Celebrating 11 years as a Medicare Specialist, October 2019
Medicare Made Simple, LLC
Theresa Cangemi CSA, CLTC
Office: 315-676-4933 
Fax: 866-476-1211

In this newsletter, we talk about if COBRA works with medicare. In the health section, I cover some tips for recycling!

*The Annual Enrollment Period (AEP) is October 15th to December 7th*

IF you are making changes to your current Medicare plan for next year (2020) during the Annual Enrollment Period, please call me to schedule a time to meet to consider your other options and complete the necessary paperwork.

Keep reading!

Theresa Cangemi CSA, CLTC
"The Medicare Lady™" 
Retiree and COBRA benefits are always secondary to Medicare. If you or your spouse no longer work for the employer that provide the benefits then Medicare is primary to retiree or COBRA benefits. 

The size of the employer (how many employees the employer has) doesn’t matter. In this case, retiree benefits and COBRA aren’t considered benefits from the current employer. 

You could risk being assessed with a lifetime late enrollment penalty and loss of coverage if you delay enrolling in Part B, when covered by either retirement benefits or COBRA; when eligible for Medicare (at age 65 or later).
We all wonder what is actually recyclable and what is not. I think we all want to do our best and do our part to Save the Planet but how are we actually doing in this area? 

Here is an update on some tips to answer those nagging questions about what is actually recyclable and how we should recycle items. Hope this clarifies some confusion.

Aluminum cans - Leave the tabs on and don’t crush them, since intact cans are easier to sort.

Plastic bottle and jugs – As a general rule, remove the caps. If you live somewhere that requires sorting of metals, plastics and glass, metal lids go with your cans.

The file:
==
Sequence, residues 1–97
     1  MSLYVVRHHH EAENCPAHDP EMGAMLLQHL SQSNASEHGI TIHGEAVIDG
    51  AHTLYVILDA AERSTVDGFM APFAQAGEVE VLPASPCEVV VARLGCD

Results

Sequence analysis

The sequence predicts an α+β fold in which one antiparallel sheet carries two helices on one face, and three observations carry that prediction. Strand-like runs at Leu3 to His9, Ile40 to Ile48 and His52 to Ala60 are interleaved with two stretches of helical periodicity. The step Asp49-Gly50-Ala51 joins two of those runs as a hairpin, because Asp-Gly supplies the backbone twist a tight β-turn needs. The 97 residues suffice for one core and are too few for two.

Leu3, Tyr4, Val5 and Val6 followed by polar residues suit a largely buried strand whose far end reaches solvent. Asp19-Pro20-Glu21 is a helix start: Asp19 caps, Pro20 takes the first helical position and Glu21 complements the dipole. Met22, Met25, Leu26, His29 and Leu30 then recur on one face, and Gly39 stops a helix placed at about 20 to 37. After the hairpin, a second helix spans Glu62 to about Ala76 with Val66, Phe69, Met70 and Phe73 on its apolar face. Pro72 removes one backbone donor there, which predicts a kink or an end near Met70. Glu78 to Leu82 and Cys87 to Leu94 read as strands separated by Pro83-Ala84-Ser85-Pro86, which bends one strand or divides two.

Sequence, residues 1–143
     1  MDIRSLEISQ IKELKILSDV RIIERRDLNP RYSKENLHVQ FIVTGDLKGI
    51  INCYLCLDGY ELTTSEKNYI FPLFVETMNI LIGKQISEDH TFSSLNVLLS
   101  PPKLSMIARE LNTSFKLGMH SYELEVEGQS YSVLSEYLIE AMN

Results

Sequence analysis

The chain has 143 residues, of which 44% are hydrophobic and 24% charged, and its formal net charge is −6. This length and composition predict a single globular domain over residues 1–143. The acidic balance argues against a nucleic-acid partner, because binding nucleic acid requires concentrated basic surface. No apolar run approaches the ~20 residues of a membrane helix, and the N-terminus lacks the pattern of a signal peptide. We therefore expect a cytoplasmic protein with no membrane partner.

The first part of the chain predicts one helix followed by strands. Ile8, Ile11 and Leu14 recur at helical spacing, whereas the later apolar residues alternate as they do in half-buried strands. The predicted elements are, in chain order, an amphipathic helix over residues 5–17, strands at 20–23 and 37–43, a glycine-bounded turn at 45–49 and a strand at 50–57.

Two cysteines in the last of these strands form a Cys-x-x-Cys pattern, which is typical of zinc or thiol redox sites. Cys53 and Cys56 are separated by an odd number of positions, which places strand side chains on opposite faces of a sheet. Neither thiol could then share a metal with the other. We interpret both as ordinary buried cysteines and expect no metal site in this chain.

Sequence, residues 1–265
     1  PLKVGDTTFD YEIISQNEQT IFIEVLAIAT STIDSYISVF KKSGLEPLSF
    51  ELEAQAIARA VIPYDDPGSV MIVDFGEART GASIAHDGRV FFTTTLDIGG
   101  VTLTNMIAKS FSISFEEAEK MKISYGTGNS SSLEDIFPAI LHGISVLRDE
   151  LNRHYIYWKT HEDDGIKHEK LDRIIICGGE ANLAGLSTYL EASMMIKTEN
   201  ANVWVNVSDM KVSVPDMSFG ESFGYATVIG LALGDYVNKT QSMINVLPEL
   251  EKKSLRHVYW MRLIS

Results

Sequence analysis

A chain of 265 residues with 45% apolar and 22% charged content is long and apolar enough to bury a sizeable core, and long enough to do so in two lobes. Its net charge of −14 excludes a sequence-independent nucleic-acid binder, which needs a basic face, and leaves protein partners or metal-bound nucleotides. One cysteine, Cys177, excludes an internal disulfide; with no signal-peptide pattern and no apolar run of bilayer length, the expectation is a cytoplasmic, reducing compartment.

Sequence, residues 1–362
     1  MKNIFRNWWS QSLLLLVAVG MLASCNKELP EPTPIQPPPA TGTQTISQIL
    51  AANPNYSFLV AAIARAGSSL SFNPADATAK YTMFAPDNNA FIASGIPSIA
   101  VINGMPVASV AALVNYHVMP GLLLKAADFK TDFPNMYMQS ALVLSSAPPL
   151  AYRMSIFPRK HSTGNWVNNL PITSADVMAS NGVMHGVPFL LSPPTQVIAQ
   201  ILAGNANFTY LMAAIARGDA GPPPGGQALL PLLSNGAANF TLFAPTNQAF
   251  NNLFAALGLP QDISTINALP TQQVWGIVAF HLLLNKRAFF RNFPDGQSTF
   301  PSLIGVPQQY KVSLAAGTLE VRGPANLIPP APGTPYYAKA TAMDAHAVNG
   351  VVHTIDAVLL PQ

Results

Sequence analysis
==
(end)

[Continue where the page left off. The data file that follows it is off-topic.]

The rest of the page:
Plastic bags and plastic wrap - Most of these – including grocery bags, plastic mailers and shrink wrap – can be dropped off in collection bins at supermarkets. Do not include them in your curbside bin.

Newspaper, books, magazines, catalogs, envelopes – First, check if your local library or Goodwill will take your books. If not, be sure to remove the covers and spines of hardcover books with a utility knife before putting them out.

Cardboard – Boxes with food stains (like pizza splotches) or water damage will not be accepted, so cut away the stained sections, but feel free to leave tape.

Paper – Rather than shredding, which makes paper less recyclable, use back marker to cover sensitive info. Do your best to remove tape and staples.

Glass bottles – Remove metal caps and corks, and do your best not to break any glass.

(NOTE: taken from article Family Circle / November 2019 issue)
* This article is for information purposes only. I don’t recommend, support, or diagnose any featured writer or article. I am not a doctor.  
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